Roles for callose in plant development and intercellular communication

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Roles for callose in plant development and intercellular communication

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Title: Roles for callose in plant development and intercellular communication
Author: Enns, Linda C. (Linda Christene), 1970-
Abstract: Cell-to-cell communication through plasmodesmata (PD) exists between most plant cells. The small fluorescent dye Lucifer Yellow CH (LYCH) has been used to determine that in the Arabidopsis root meristem there are tissues where PD occlude the movement of small molecules. A putative callose synthesis inhibitor chlorpromazine (CPZ) was tested and found to be effective. CPZ removed restrictions on LYCH movement in root tips, and impaired root gravitropism, supporting the idea that closure of PD in the root tip can be due to formation of callose at PDs, and that this is essential to maintain the normal circulation pattern for auxin. Other studies have used Arabidopsis expressing GFP under the control of a companion cell-specific promoter AtSUC2 to conclude that GFP protein gets into all cells of the root meristem by moving through PD. We reexamined the movement of AtSUC2::GFP in an attempt to explain why GFP moves through PD where LYCH, a smaller molecule, cannot. We found that while GFP moves through the phloem and out into all cells of the Arabidopsis root meristem, movement out of the stele is very slow. More importantly we found that GFP mRNA is able to move through all the PD. The newly assigned SEL of 27 kDa for cells of the Arabidopsis root meristem may thus be a gross overestimate. We speculate that there may be two types of PD in the Arabidopsis root meristem: one which allows the quicker diffusion of small molecules such as LYCH, the other which allows slower movement and has a higher SEL. Because chemical inhibitors are not specific, we then took a genetic approach towards looking at the importance of callose in plant intercellular communication. Callose is synthesized by callose synthase. Arabidopsis has 12 putative callose synthase genes (GSL1-12 ). We used TILLING and T-DNA insertion mutants to show that GSL1 and GSL5 are essential for normal sporophytic development in Arabidopsis and are also involved in pollen grain formation during cytokinesis, tetrad dissociation, cell expansion and mitosis. While we have not yet found which GSL makes PD callose, GSL3 is a candidate.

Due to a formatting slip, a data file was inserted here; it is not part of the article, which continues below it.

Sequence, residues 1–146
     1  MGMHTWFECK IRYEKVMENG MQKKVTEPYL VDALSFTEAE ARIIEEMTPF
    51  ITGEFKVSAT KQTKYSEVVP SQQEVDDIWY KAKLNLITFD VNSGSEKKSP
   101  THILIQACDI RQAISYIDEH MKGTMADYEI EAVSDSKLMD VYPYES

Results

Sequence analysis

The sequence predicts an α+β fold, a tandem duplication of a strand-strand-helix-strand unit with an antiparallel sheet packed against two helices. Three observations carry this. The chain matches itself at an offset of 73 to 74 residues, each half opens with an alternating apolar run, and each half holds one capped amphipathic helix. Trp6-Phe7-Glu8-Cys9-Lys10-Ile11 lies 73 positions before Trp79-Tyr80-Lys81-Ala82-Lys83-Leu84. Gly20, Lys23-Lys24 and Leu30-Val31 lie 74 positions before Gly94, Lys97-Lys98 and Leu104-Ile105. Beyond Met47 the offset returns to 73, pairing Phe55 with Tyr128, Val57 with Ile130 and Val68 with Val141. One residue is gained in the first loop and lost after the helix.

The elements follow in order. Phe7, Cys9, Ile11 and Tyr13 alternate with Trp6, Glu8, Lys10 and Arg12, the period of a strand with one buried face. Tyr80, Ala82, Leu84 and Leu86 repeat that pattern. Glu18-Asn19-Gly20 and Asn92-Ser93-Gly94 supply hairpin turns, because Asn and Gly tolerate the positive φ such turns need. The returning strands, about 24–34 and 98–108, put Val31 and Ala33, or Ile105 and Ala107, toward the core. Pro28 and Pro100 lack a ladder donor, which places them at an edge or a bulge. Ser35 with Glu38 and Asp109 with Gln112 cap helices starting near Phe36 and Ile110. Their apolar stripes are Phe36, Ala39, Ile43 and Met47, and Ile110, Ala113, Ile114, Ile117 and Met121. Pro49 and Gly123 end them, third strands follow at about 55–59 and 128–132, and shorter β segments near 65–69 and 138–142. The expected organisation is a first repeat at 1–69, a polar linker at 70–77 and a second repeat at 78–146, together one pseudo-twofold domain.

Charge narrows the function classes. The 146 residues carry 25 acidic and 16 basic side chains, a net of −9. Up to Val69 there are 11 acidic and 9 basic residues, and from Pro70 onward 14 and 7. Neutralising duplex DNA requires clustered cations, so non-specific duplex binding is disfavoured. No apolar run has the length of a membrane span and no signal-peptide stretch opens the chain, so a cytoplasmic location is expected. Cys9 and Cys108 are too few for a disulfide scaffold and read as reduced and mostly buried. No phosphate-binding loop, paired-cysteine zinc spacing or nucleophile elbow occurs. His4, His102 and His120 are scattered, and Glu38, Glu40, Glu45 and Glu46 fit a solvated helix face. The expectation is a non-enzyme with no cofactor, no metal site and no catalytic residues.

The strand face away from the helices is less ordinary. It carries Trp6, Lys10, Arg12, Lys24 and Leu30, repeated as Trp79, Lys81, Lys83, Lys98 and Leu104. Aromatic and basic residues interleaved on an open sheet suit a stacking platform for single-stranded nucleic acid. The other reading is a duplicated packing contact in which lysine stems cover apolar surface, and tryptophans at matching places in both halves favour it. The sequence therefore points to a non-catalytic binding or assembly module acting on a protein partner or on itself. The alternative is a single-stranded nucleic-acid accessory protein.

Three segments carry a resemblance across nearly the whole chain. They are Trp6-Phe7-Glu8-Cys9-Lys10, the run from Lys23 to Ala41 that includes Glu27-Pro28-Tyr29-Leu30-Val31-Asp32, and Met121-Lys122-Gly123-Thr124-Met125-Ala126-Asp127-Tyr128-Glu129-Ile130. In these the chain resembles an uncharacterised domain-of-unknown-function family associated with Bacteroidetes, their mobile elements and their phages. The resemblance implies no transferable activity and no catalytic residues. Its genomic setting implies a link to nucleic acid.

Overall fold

Description: Thesis (Ph. D.)--University of Washington, 2006.
Author requested restriction: Manuscript available on the University of Washington campuses and via UW NetID. Full text may be available via ProQuest's Dissertations and Theses Full Text database or through your local library's interlibrary loan service.

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